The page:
(3) 24-hour priority phone support

Alternative 1. The 24-hour priority phone support performance obligation is also available through November 20X3. FLW receives the benefit of this stand-ready service continually over the 33-month period. The output method is appropriate with time as a measure. ArCAD will recognize revenue from the priority phone support on a straight-line basis over 33 months.

Alternative 2. ASC 606 does allow for a new pattern of recognition that was not available under ASC 605, provided that ArCAD has collected relevant data. If ArCAD were to track phone support usage data for all similar contracts, it may be able to accurately predict when customers actually receive the benefit of support over the 33-month term. For example, ArCAD may find that as customers are still learning the software, the need for phone support services may be greater in year one and could decrease in years two and three. While a customer receives the benefit of this stand-ready obligation for a period of 33 months, ArCAD may be able to show that a customer receives more benefit during the period in which the customer’s employees use the support service more often, or in the first 12 months. Thus, ArCAD may determine that the output method and the historical usage data measure most accurately depicts the performance of this phone support obligation. Assuming the newly collected data supported an 80/20/0 pattern of usage during the first year, second year, and remaining period, 80% of the allocated transaction price will be recognized on a straight-line basis for months 1 through 12, and 20% of the allocated transaction price will be recognized on a straight-line basis for months 13 through 24, with no allocation to months 25 through 33.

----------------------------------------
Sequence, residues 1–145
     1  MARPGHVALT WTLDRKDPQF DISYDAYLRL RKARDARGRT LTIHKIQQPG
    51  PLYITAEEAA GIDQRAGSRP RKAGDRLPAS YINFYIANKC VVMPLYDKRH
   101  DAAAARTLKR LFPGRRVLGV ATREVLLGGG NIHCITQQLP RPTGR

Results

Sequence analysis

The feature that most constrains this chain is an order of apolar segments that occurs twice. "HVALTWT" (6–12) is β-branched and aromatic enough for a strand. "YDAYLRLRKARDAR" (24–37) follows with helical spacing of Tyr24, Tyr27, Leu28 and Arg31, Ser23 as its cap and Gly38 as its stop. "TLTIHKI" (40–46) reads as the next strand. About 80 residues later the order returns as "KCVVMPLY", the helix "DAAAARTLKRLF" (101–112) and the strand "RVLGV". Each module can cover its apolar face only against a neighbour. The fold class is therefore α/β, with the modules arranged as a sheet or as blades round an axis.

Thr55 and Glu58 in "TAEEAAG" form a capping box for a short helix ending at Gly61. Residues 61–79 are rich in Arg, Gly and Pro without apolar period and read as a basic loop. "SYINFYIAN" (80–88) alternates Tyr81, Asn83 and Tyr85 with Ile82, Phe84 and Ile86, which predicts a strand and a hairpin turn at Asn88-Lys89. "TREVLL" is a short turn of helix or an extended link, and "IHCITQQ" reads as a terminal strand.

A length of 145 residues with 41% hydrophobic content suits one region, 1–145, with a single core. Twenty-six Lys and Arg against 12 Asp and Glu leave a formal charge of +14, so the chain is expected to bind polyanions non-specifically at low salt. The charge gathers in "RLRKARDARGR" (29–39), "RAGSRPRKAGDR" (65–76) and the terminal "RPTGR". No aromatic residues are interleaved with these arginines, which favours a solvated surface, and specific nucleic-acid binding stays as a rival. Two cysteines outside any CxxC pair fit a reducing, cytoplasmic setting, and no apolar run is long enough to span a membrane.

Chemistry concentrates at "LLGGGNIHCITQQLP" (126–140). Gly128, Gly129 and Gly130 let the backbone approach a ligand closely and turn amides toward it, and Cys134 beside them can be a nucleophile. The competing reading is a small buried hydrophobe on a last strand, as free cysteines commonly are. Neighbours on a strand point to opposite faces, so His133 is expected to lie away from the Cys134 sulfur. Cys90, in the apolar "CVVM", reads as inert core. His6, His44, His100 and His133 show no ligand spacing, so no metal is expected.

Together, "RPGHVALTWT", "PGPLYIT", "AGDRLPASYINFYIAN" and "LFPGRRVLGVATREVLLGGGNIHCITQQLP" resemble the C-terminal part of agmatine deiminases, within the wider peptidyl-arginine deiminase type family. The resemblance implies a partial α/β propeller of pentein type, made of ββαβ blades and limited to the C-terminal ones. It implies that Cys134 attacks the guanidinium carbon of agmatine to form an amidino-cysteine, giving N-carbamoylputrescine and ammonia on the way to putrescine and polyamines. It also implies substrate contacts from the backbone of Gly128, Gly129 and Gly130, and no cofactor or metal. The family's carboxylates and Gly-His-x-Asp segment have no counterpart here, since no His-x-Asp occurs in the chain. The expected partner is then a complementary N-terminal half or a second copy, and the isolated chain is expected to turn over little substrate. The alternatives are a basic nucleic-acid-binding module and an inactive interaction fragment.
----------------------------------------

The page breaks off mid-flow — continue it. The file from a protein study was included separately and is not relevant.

Recommendation. We recommend that ArCAD compare the costs of tracking phone support usage data to the benefit of potential acceleration of revenue recognition for future contracts. ArCAD may find that a justifiable acceleration of revenue more accurately represents the substance of the transaction, and they may conclude the benefit is enough to warrant the added data collection costs. However, because that information is not currently available to ArCAD, time should be used as a measure, instead of usage, to recognize the phone support revenue on a straight-line basis over 33 months. This would also likely decrease operational burden and audit risk associated with justifying and supporting the accelerated approach.

(4) 1 TB cloud storage per license

The cloud storage performance obligation is also a stand-ready obligation. FLW receives the benefit of storage equally throughout the 24-month subscription period. Therefore, the revenue for the cloud storage service will be recognized on a straight-line basis over 24 months, using the output method and time as the measure.

The following section summarizes the entire transaction.

Transaction Summary

table-3

Diversity in Thought

Some practitioners and accounting firms are exploring an approach where all PCS elements with similar service periods (e.g. each service is provided for 24 months) are a single performance obligation. Their reasoning is that PCS, including updates, maintenance, and technical support, is really a single package of integrated services to the customer – the nature of which is a stand-ready obligation over the maintenance term. Drawing on what the practitioners and firms believe to be an analogous situation in the professional services industry, a firm would not split professional services into individual components such as planning, configuration, quality control, etc. Instead, these services would be treated as a single performance obligation because the services are sold and packaged as a single, integrated service. In this case, they are not distinct within the context of the contract.